info: account import command OK
scott@hanselmac:~/Downloads$ azure site list
info: Executing command site list
+ Enumerating locations
+ Enumerating sites
data: Name State Host names
data: ----------------- ------- -------------------------------------------------------------
data: superawesome Running,
info: site list command OK
scott@hanselmac:~/Downloads$ azure site list --json
"AdminEnabled": "true",
"AvailabilityState": "Normal",
"EnabledHostNames": [
"HostNames": [
"State": "Running",
"UsageState": "Normal",
"WebSpace": "eastuswebspace"

Here's how I can create and start a VM from the command line. First I'll list the available images I can start with, then I create it. I wait for it to get ready, then it's started and ready to remote (RDP, SSH, etc) into.

scott@hanselmac:~$ azure vm image list
info: Executing command vm image list
+ Fetching VM images
data: Name Category OS
data: -------------------------------------------------------------------------- --------- -------
data: CANONICAL__Canonical-Ubuntu-12-04-amd64-server-20120528.1.3-en-us-30GB.vhd Canonical Linux
data: MSFT__Windows-Server-2012-RC-June2012-en-us-30GB.vhd Microsoft Windows
data: MSFT__Sql-Server-11EVAL-11.0.2215.0-05152012-en-us-30GB.vhd Microsoft Windows
data: MSFT__Win2K8R2SP1-120514-1520-141205-01-en-us-30GB.vhd Microsoft Windows
data: OpenLogic__OpenLogic-CentOS-62-20120531-en-us-30GB.vhd OpenLogic Linux
data: SUSE__openSUSE-12-1-20120603-en-us-30GB.vhd SUSE Linux
data: SUSE__SUSE-Linux-Enterprise-Server-11SP2-20120601-en-us-30GB.vhd SUSE Linux
info: vm image list command OK
scott@hanselmac:~$ azure vm create hanselvm MSFT__Windows-Server-2012-RC-June2012-en-us-30GB.vhd scott superpassword --location "West US"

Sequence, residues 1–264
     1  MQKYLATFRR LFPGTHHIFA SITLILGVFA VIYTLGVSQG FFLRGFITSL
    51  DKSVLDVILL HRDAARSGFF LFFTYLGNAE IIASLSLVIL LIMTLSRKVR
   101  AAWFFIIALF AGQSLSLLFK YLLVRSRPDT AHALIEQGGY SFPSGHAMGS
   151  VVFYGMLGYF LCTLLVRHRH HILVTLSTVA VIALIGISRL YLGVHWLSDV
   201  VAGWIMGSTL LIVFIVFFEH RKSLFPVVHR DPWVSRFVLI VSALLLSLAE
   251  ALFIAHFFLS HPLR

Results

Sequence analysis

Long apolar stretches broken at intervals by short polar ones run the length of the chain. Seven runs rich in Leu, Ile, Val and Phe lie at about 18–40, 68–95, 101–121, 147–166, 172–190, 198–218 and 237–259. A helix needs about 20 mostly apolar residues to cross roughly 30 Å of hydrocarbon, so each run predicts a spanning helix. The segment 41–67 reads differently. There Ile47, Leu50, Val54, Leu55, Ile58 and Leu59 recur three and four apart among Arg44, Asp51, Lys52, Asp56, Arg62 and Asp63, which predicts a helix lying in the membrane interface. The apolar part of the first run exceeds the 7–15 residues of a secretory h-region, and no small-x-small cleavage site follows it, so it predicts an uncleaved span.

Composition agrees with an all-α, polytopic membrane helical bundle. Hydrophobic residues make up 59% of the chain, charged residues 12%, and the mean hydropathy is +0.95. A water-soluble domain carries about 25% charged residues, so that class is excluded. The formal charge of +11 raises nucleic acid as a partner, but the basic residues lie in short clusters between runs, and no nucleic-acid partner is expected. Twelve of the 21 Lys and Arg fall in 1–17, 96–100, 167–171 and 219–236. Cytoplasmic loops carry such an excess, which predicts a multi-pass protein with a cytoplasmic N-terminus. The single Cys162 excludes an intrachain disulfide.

info: Executing command vm create
+ Looking up image
+ Looking up cloud service
+ Creating cloud service
+ Retrieving storage accounts
+ Creating VM
info: vm create command OK
scott@hanselmac:~$ azure vm list
info: Executing command vm list
+ Fetching VMs
data: DNS Name VM Name Status
data: --------------------- -------- ------------
data: hanselvm Provisioning
info: vm list command OK

That's the command line tool for Mac, Linux, and optionally Windows (if you install node and run "npm install azure --global") and there's PowerShell commands for the Windows admin. It's also worth noting that you can check out all the code for these as they are all open source and up on github at The whole command line app is written in JavaScript, in fact.

Just as the command line version of the management tools has a very specific and comfortable noun/verb/options style, the cmdlets are very "PowerShelly" and will feel comfortable folks who are used to PowerShell. The documentation and tools are in a Preview mode and are under ongoing development, so you'll find some holes in the documentation.

The PowerShell commands all work together and data is passed between them. Here a new Azure VM configuration is created while the VM Name is pull from the list, then the a provisioning config object is passed into New-AzureVM.

C:\PS>New-AzureVMConfig -Name "MySUSEVM2" -InstanceSize ExtraSmall -ImageName (Get-AzureVMImage)[7].ImageName 
` | Add-AzureProvisioningConfig –Linux –LinuxUser $lxUser -Password $adminPassword
` | New-AzureVM

Next, I want to figure out how I can spin up a whole farm of websites from the command line, deploy an app to the new web farm, configure the farm for traffic, then load test it hard, all from the command line. Such fun!

Sponsor: I want to thank the folks at DevExpress for sponsoring this week's feed. Check out their DXperience tools, they are amazing. You can create web-based iPad apps with ASP.NET and Web Forms. I was personally genuinely impressed. Introducing DXperience 12.1 by DevExpress - The technology landscape is changing and new platforms are emerging. New tools by DevExpress deliver next-generation user experiences on the desktop, on the Web or across a broad array of Touch-enabled mobile devices.

About Scott

Scott Hanselman is a former professor, former Chief Architect in finance, now speaker, consultant, father, diabetic, and Microsoft employee. He is a failed stand-up comic, a cornrower, and a book author.

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The Sad State of Diabetes Technology in 2012

June 17, '12 Comments [118] Posted in Diabetes